She hopes to work in television once her sporting career is over, and in 2018 she presented the British show 'Countryfile'. "I am just trying to grab the opportunities that I can and build as much of a network up as I can while still focusing on my athletics. What I found through thinking about the future was a new motivation to realise how lucky I am and how privileged a position I'm currently in. It's quite nice to have that distraction. It's quite nice not to be totally obsessed with the next championships that are coming up." (lovesportradio.com, 04 Mar 2019; yorkshirepost.co.uk, 26 Aug 2018, 12 May 2018)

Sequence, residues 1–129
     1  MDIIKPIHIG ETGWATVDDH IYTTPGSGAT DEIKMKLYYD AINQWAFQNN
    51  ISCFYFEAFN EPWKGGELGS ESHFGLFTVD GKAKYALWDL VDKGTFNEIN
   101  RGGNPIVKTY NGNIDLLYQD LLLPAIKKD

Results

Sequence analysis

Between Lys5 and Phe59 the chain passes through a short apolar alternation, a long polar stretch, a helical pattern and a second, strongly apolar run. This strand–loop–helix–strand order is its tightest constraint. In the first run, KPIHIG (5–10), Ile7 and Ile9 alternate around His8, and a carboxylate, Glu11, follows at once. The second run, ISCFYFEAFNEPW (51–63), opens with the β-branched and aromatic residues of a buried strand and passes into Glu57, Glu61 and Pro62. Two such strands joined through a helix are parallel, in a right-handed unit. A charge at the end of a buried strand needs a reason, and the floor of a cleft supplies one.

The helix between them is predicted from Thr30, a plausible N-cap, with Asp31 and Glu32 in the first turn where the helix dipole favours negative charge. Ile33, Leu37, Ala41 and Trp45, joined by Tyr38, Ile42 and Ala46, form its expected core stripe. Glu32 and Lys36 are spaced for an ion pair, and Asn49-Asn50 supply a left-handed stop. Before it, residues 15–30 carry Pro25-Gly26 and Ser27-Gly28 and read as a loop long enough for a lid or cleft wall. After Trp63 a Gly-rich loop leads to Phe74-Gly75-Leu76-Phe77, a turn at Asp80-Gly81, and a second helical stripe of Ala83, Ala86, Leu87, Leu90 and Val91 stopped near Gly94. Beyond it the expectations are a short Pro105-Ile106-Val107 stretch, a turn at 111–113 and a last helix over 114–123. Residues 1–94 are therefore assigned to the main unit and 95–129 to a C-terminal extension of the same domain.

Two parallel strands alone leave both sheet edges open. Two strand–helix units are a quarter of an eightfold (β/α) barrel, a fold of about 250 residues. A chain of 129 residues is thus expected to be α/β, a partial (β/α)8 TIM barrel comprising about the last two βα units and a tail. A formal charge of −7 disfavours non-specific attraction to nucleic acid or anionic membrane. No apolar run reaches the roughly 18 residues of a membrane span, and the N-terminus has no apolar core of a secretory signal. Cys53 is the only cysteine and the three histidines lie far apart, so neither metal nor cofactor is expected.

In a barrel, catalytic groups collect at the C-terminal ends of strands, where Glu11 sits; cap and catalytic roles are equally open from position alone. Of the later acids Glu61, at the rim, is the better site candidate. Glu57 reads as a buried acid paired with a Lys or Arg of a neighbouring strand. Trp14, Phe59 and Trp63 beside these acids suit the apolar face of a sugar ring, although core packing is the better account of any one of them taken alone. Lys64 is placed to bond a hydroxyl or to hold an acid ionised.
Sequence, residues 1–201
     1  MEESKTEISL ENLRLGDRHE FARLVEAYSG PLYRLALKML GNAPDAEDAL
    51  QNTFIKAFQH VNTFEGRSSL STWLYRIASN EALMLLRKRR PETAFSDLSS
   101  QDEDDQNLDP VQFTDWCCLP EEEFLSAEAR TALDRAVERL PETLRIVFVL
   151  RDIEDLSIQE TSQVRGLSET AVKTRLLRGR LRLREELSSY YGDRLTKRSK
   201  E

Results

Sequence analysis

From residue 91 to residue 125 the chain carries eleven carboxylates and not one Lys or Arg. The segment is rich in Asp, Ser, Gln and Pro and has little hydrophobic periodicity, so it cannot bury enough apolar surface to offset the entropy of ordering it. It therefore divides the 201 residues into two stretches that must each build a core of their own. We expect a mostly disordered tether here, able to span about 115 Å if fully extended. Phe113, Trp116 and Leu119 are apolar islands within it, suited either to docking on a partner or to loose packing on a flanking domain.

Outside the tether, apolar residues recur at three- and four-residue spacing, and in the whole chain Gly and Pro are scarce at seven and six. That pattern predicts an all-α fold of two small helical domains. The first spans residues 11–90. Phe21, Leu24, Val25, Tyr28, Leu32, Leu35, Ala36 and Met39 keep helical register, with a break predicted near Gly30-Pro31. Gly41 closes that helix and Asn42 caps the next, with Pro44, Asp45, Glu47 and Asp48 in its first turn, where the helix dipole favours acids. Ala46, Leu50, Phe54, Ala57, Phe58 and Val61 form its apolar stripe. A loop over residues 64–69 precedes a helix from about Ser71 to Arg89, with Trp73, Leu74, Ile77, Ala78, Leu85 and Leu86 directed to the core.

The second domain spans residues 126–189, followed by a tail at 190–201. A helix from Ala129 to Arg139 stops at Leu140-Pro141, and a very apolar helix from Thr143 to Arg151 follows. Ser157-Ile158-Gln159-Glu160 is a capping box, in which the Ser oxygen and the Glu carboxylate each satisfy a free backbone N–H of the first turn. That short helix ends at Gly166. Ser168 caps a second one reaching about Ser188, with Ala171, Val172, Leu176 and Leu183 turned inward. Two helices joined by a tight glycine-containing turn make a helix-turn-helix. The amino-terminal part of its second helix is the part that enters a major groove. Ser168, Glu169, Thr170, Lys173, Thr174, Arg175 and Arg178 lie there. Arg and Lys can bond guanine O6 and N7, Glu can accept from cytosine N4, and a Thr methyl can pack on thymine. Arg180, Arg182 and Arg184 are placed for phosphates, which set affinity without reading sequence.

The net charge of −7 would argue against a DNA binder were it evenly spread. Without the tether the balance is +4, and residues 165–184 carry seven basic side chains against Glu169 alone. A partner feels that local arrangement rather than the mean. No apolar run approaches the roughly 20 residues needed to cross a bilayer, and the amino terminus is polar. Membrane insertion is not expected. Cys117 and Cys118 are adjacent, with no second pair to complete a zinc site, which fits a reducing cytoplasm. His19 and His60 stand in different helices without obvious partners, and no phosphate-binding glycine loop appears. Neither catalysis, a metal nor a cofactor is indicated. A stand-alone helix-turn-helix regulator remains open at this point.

She has served on the Athletes' Advisory Committee for the 2022 Commonwealth Games in Birmingham, England. (iwf.net, 21 Oct 2020)
|Women's 200 m T34||Final||2011-01-22||1|
|Women's 100 m T34||Final||2011-01-24||1|
|Women's 100 m T34||Heat 2||2012-08-31||1|
|Women's 100 m T34||Final Round||2012-08-31||1|
|Women's 200 m T34||Heat 2||2012-09-06||1|
|Women's 200 m T34||Final Round||2012-09-06||1|
|Women's 200 m T34||Final 1||2013-07-20||1|
|Women's 100 m T34||Final 1||2013-07-22||1|
|Women's 100 m T34||Final 1||2015-10-22||1|
|Women's 800 m T34||Final 1||2015-10-28||1|
|Women's 400 m T34||Final 1||2015-10-31||1|
|Women's 100 m T34||Final Round||2016-09-10||1|
|Women's 400 m T34||Final Round||2016-09-14||1|
|Women's 800 m T34||Final Round||2016-09-16||1|
|Women's 100 m T34||Final 1||2017-07-14||1|
|Women's 800 m T34||Final 1||2017-07-17||1|
|Women's 400 m T34||Final 1||2017-07-20||1|